Social media background checks are a valuable tool for companies that can mitigate security risks. However, it is essential to ensure they are conducted legally and adequately. This includes getting an authorization release form that complies with the FCRA.
This prevents hiring managers from seeing information that could create biases, like posts showing excessive cursing or pictures of hard partying.
Using social media to verify information is an efficient way of finding out who someone is. It also gives a fuller picture of an employee, revealing things that may not be apparent from their resume or during an interview.
This method also helps to reduce turnover costs, as it can be costly to replace an employee in terms of salary and training new hires. A social media background check allows an employer to see what applicants post online and how this can affect their work performance.
However, a few issues should be considered before a social media search. For one, it is essential to use a third-party company that understands the complexities of legal compliance. It’s also necessary to create specific policies around what types of searches can be made and when. This can help to mitigate any unconscious bias that may occur during the process. In addition, it’s crucial to establish a system that can run a consistent set of checks and not reveal any prohibited information such as age, religion, or sexual orientation.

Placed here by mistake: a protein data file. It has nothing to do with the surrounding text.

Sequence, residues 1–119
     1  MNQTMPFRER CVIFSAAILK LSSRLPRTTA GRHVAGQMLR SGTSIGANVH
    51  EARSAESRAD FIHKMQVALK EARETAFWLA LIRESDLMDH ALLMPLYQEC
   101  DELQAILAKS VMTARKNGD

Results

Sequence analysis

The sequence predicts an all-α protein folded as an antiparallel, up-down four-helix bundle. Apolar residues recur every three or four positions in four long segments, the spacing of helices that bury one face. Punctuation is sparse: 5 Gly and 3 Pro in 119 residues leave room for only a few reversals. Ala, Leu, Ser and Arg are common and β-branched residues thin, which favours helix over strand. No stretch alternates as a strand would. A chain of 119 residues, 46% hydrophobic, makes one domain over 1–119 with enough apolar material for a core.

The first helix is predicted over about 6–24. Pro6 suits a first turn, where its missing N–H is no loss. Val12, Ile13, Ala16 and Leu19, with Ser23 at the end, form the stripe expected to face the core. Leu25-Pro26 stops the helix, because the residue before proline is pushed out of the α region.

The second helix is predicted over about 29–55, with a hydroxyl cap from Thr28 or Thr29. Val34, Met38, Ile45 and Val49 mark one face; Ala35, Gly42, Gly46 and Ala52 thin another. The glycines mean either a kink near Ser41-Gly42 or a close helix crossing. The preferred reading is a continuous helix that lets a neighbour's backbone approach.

Social media background checks can help reduce the risk of hiring toxic employees, saving a company millions in turnover costs and lost productivity. This is especially important in industries like retail, where one bad hire can damage the company’s reputation.
However, social media screening should be done responsibly and ethically. A compliant check only searches publicly available information – for example, comments on Facebook that cite a racial slur or photos on Instagram that are flagged for violence – and never hack into private accounts.
In addition, it’s important to remember that discrimination claims can still arise even if an employer only looks at public information. This is because the Civil Rights Act of 1964 protects employees and job applicants from employment discrimination based on race, religion, national origin, sex, and other protected classes. To avoid these risks, it’s best to outsource the screening process to a third party that can conduct searches legally and ethically. This way, the third party can also redact all protected class information from the results before it’s provided to you.
Increased Customer Satisfaction
Social media background checks are helpful for companies looking for a competitive advantage in hiring. By assessing candidates’ personalities, attitudes towards work, and other aspects of their lives on social media, recruiters can make more informed hiring decisions.
However, while the information obtained from social media searches may seem insightful, it must be weighed against other factors. For example, whether a candidate is a passionate fan of a specific sports team or follows a particular political party does not necessarily indicate that they’ll be a good fit for the company. It can also be challenging to determine the authenticity of the information found on social media.